The combination of these two trends, along with our desire to continue investing in providing a great service, is driving the need to modestly increase our prices.

Backblaze is a phenomenally good backup service and I’ve been a happy customer for several years now, with two active backup licenses for my Macs. I joined when their pricing was $5/month and only recently, they had raised their pricing to $6/month. Even at $7, Backblaze offers exceptional value — you’re literally getting unlimited backup. And for a couple of bucks more, they’ll keep your files for a whole year! I wrote down why I like the service so much the last time they raised prices.

However, their raising prices are making it incredibly difficult to recommend the service to most of my friends. The problem with their subscription is their all-or-nothing approach and the lack of localized pricing. Many of my friends have a few hundred GBs of important data that they want to back up. The Backblaze subscription is priced at almost ₹550 per month. How do you convince someone, who already doesn’t take backups seriously, to opt into a backup strategy that costs 3 times their cellular service?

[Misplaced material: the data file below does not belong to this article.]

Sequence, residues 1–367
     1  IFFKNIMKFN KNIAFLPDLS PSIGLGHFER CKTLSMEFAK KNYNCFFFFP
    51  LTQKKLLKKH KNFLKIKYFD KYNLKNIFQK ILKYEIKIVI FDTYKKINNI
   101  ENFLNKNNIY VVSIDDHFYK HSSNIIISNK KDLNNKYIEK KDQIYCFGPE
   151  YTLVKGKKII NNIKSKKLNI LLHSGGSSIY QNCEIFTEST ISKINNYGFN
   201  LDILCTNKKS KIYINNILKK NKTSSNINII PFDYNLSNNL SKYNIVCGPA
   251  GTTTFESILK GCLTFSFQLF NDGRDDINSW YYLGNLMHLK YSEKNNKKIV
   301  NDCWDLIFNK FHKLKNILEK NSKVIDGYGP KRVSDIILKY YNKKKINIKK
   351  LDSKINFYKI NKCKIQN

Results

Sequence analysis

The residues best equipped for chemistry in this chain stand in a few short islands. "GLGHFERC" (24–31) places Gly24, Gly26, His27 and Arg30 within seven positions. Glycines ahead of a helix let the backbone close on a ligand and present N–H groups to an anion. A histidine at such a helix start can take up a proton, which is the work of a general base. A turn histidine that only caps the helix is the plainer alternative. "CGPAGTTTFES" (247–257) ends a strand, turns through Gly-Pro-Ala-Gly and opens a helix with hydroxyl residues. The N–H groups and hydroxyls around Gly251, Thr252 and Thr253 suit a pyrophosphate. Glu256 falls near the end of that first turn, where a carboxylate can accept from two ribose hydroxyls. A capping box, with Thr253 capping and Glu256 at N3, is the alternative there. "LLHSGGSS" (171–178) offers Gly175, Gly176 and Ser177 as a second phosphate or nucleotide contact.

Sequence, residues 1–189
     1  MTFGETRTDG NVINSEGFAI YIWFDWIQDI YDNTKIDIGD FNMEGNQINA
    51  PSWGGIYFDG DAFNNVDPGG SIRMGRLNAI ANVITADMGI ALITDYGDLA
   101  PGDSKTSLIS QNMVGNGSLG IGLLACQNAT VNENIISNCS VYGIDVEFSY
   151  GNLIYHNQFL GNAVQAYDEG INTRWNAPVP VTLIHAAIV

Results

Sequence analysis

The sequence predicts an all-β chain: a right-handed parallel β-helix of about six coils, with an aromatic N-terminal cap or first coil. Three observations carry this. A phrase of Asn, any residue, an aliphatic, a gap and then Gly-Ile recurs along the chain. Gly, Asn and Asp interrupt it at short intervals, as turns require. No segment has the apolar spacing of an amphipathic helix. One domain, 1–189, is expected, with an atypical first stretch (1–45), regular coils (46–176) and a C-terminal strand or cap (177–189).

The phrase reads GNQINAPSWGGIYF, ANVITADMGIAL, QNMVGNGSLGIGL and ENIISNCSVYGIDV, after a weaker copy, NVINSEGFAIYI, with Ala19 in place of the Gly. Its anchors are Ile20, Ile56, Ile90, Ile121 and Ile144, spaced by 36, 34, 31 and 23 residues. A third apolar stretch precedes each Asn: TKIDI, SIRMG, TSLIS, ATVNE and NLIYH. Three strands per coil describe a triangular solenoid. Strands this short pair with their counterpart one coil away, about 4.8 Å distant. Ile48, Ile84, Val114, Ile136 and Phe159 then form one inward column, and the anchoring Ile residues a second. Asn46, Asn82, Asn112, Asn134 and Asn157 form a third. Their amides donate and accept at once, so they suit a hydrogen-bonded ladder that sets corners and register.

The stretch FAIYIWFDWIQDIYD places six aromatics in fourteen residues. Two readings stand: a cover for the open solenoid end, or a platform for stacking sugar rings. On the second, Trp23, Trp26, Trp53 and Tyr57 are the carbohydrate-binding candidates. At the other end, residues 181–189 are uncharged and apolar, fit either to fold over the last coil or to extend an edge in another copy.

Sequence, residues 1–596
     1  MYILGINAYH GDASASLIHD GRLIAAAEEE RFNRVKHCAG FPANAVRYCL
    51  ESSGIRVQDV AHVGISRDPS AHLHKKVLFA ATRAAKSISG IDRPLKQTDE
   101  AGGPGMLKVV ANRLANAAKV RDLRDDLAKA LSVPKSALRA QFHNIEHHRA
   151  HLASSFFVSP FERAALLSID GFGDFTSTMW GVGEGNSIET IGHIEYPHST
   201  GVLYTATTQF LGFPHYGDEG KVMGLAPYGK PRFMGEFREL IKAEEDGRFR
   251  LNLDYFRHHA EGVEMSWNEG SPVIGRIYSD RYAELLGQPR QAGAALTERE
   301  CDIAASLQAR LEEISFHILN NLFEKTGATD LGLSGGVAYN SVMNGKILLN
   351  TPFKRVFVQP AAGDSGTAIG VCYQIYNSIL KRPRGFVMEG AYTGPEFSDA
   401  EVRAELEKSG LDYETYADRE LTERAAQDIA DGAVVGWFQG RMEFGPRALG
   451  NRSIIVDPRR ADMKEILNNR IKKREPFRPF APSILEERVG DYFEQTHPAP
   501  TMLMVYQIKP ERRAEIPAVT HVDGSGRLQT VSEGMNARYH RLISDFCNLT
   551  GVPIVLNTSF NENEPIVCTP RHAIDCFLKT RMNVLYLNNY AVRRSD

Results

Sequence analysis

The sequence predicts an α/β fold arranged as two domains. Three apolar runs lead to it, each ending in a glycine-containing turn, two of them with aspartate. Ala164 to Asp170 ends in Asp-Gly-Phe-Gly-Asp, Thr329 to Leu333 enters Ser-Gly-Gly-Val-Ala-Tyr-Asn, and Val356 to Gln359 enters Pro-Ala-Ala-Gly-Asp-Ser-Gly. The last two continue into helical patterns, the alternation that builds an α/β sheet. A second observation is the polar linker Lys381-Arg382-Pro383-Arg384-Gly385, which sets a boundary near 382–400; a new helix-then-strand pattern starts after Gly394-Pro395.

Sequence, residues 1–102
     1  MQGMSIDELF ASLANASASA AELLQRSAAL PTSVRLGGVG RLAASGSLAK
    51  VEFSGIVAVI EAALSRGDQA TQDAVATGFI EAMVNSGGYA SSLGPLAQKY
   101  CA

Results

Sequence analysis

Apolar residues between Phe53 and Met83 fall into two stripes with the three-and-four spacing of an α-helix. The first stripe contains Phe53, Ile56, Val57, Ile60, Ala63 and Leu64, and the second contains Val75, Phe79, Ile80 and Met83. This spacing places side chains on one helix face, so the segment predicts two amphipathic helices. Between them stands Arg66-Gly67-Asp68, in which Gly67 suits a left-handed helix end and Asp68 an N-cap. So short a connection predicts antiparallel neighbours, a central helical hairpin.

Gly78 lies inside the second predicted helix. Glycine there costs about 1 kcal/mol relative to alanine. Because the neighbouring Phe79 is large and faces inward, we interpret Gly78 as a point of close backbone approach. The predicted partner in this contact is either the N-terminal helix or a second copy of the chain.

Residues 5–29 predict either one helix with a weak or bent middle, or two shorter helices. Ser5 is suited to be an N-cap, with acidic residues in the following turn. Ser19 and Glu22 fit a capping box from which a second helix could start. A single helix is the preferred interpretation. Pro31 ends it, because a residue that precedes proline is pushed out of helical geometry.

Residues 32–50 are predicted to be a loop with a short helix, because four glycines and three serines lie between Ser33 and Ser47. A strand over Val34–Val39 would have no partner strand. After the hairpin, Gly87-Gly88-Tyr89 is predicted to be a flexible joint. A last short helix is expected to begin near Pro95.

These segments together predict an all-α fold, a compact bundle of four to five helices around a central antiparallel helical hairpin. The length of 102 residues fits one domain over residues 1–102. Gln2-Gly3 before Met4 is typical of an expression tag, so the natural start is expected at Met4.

I wish Backblaze B2 was the answer, which is something the company itself recommends for small quantity backups. But a subscription where your monthly expenses can vary depending on how much data you upload/download is even more difficult to recommend to friends.

If you’re convinced, here’s my affiliate link that’ll give you month free when you sign up, and a month free to me when you start paying for it.

Chris De Jabet, writing on the 1Password blog:

We learned from customer feedback that some people would make a vault named Archive and move these items there, and others were storing those items in the Trash. While both solutions work, neither was ideal. That’s why we’re rolling out the new Archive feature in our latest updates.

For the longest time, I’ve had an ‘Archive’ vault in 1Password to hold old items that I no longer used, but still wanted to store in 1Password to reference. Items such as old server passwords, accounts from sites that are now dead or moved, random secure notes, etc. were all moved to this ‘Archive’ vault. I can finally delete that vault now that 1Password has native support for the Archive.